Teton Range herd of bighorns at risk of extinction

Winter recreation may be one of the impacts to the remaining bighorn.

This population of bighorn sheep has dwindled to very low numbers. Inbreeding, habitat loss due to development, and domestic sheep disease have restricted these sheep to very high elevation and sites of low productivity so human entry into these areas during winter may have a severe impact.

Teton Range herd of bighorns at risk of extinction
Scientists are exploring ways to reduce risks to isolated sheep.
By Cory Hatch, Jackson Hole, Wyo.

One year after large prescribed burn, vegetation flourishes in Gros Ventre

Prescribed fire east of Jackson Hole was big success; more planned-

Meanwhile late season fires break out amidst planned ignitions

Link Fixed. Plants healthier year after Gros Ventre burn. Prescribed fire improved forage for bighorns, other wildlife in Red Hills area. By Cory Hatch. Jackson Hole News and Guide.

For those unfamiliar with this common place name east of Jackson Hole, it is pronounced Grow Vont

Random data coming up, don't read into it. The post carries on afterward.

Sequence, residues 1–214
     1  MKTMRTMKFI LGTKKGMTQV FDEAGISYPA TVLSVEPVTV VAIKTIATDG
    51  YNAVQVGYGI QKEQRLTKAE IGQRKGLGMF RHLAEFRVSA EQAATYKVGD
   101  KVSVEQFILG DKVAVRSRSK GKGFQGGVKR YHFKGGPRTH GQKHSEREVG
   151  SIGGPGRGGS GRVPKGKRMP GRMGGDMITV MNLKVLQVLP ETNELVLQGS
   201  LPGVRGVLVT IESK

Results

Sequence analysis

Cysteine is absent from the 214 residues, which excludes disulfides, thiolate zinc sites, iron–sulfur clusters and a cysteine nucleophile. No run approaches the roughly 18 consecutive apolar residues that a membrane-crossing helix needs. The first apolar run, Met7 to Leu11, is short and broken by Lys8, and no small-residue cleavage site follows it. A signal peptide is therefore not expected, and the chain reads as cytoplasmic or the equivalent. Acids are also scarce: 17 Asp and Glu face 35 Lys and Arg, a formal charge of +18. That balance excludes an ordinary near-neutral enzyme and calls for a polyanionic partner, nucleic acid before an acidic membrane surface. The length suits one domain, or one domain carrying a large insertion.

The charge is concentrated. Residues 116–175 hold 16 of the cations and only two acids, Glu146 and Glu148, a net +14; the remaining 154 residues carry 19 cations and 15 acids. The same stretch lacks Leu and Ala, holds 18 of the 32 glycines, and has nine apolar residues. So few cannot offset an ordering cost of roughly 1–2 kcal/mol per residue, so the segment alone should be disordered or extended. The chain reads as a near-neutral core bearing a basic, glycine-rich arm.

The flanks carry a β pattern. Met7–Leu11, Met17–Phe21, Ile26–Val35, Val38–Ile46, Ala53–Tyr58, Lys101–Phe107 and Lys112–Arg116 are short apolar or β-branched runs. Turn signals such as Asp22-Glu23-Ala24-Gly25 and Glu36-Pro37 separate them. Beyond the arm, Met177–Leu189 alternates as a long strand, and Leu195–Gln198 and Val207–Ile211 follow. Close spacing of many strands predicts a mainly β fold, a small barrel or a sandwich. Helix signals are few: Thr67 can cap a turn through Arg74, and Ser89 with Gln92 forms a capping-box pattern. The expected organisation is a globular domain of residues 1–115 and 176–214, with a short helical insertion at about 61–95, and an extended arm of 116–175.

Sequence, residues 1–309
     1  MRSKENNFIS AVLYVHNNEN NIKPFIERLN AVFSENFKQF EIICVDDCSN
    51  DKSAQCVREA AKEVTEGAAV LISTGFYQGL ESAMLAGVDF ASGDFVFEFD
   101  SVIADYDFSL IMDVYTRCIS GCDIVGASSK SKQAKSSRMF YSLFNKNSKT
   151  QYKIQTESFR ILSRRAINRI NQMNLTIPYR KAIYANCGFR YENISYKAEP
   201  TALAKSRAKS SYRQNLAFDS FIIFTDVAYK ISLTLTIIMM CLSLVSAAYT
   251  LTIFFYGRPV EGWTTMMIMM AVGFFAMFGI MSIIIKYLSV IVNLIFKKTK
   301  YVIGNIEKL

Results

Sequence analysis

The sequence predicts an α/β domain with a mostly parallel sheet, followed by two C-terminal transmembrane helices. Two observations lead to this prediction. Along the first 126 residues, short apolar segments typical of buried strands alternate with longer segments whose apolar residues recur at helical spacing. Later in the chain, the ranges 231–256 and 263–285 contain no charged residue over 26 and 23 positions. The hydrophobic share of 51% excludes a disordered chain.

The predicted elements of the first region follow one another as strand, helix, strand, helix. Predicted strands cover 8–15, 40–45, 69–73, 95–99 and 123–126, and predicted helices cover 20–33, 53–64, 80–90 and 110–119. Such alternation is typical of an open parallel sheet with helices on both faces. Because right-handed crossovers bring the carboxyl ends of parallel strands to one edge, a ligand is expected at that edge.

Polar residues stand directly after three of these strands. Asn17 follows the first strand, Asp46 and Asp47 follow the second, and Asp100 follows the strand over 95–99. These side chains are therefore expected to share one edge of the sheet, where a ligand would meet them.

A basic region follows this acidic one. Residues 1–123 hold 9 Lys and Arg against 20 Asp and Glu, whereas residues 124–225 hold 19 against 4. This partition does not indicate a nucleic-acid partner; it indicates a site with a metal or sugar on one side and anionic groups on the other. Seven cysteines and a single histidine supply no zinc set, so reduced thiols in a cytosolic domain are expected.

Update 8:30 PM, Sept. 26. I found out in a big way, why they might have run this story in the News and Guide. Last Wednesday, Sept. 23, I went up to this general area. Phase 2 of this burn had been ignited and put up a huge cloud of smoke visible 50 miles away!  As this fire, several other “prescribed burns” and lighting fires began in Grand Teton and Yellowstone Parks, what were gloriously blue crystalline skies slowly turned to awful gray crud.

cave-falls-.arnica-fire-smoke

Smoke from the Arnica Fire in Yellowstone Park fills the sky upstream from Cave Falls. Sept. 24, 2009. Copyright Ralph Maughan

9-26. Here is the story on the second substantial fire in Yellowstone Park this year. Fire [the Arnica Fire] closes park’s Grand Loop. By Cory Hatch. Jackson Hole News and Guide

Late 9-26. Arnica Fire grows from 250 to 1600 acres. More growth expected. Billings Gazette.

Posted in winter range, Yellowstone, Yellowstone National Park. Tags: , , , . Comments Off on One year after large prescribed burn, vegetation flourishes in Gros Ventre

Debate Rages Over Elk Feeding

The most recent on Wyoming’s elk feedlot fiasco –

Debate Rages Over Elk Feeding – Kirk Johnson, New York Times

thanks jdubya

Vet urges ranchers to adopt brucellosis plan

Online Poll in the Bozeman Chronicle

This is a non-scientific Poll concerning the management of wild bison in Montana…

To vote in this online poll in the Bozeman Chronicle:

Scroll to the bottom of this link to find the question:

Do you think the Montana Department of Fish, Wildlife and Parks should take over sole responsibility for managing wild bison in Montana?
Then vote.

Update: Poll results.

Suit Opposes Elk Feeding in Wyoming

The New York Times details a recent lawsuit filed yesterday by environmentalists to stop the feedlot-like conditions of the National Elk Refuge in Wyoming.

Suit Opposes Elk Feeding in WyomingNew York Times. By Jim Robbins.